Attrition is a bugbear for most impact evaluations, and can cause even the best designed experiments to be subject to potential bias. In a new paper, Luc Behaghel, Bruno Crépon, Marc Gurgand and Thomas Le Barbanchon describe a clever new way to deal with this problem using information on the number of attempts it takes to get someone to respond to a survey.
Tools of the Trade
Last week David linked to a virtual discussion involving Dave Giles and Steffen Pischke on the merits or demerits of the Linear Probability Model (LPM).
Alan Gerber and Don Green, political scientists at Yale and Columbia respectively, and authors of a large number of voting experiments, have a new textbook out titled Field Experiments: Design, Analysis, and Interpretation. This is noteworthy because despite the massive growth in field experiments, to date there hasn’t been an accessible and modern textbook for social scientists looking to work in, or better understand, this area. The new book is very good, and I definitely recommend anyone working in this area to read at least key chapters.
Suppose you were investigating the observed wage gap in urban China, where men are paid approximately 30% more than women. The first thing you would like to know is whether the higher wages paid to men are a result of the greater average years of schooling and years in the labor force that men have or whether, instead, men are paid more even after accounting for education and experience. If the latter situation is the case then the difference in wages may at least in part be due to labor market discrimination.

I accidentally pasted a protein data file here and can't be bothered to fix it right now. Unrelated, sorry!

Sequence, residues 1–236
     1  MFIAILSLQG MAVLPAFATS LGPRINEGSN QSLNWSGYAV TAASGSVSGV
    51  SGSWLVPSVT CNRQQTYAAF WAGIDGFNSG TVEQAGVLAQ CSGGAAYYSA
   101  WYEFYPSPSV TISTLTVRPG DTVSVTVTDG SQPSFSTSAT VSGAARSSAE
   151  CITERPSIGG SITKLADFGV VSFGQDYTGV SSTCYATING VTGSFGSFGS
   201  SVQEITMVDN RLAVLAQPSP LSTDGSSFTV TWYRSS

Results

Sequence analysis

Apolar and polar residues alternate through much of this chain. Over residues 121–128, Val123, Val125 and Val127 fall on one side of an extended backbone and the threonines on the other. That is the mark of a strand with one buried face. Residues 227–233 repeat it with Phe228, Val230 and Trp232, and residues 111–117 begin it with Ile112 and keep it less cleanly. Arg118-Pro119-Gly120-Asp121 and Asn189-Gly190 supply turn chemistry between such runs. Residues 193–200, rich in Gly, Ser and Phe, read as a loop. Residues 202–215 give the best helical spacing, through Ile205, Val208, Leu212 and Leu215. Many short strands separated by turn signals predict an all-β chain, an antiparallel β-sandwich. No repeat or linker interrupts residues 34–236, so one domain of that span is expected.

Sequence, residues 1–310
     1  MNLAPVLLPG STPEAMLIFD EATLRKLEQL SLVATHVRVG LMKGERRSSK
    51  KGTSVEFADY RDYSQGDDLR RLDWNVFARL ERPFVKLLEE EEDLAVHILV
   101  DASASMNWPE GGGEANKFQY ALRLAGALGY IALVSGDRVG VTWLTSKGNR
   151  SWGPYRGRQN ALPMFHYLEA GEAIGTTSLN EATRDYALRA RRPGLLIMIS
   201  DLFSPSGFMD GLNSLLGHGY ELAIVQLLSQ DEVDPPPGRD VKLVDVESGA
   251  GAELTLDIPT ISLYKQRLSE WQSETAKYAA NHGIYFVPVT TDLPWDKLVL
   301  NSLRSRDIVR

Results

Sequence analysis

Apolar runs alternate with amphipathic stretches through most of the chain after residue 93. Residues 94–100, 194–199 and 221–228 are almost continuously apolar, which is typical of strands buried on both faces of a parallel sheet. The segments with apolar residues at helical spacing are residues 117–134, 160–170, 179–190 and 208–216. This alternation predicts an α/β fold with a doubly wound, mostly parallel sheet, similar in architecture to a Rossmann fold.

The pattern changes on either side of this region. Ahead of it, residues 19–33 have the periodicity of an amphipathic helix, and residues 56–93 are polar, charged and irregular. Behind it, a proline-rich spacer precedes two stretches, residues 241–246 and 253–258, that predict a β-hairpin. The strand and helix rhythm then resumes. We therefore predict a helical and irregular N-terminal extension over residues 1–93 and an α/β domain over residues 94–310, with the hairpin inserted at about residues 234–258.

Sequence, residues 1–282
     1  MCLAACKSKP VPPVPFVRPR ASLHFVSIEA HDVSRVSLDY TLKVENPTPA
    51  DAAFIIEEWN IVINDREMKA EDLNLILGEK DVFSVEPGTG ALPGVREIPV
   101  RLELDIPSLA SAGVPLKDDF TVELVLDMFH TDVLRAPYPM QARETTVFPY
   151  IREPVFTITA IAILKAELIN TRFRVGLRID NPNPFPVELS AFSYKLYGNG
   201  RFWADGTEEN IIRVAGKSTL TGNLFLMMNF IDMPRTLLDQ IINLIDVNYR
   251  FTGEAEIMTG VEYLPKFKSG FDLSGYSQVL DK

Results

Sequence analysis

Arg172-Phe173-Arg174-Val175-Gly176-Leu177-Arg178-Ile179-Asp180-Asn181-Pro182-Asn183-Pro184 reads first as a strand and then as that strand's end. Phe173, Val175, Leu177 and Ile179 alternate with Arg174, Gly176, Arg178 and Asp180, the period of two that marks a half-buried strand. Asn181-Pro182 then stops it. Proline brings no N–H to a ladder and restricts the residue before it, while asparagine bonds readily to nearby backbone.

For many years, researchers have recognized the need to correct standard error estimates for observational dependence within clusters. An earlier post contrasted the typical approach to this matter, the cluster robust standard error (CRSE), and various methods to cluster bootstrap the standard error.
Random lotteries to allocate scarce slots for an oversubscribed program provide a useful tool for estimating impacts of such a program. However, an issue which can arise in practice is that there may be multiple lotteries that an individual can apply for. For example,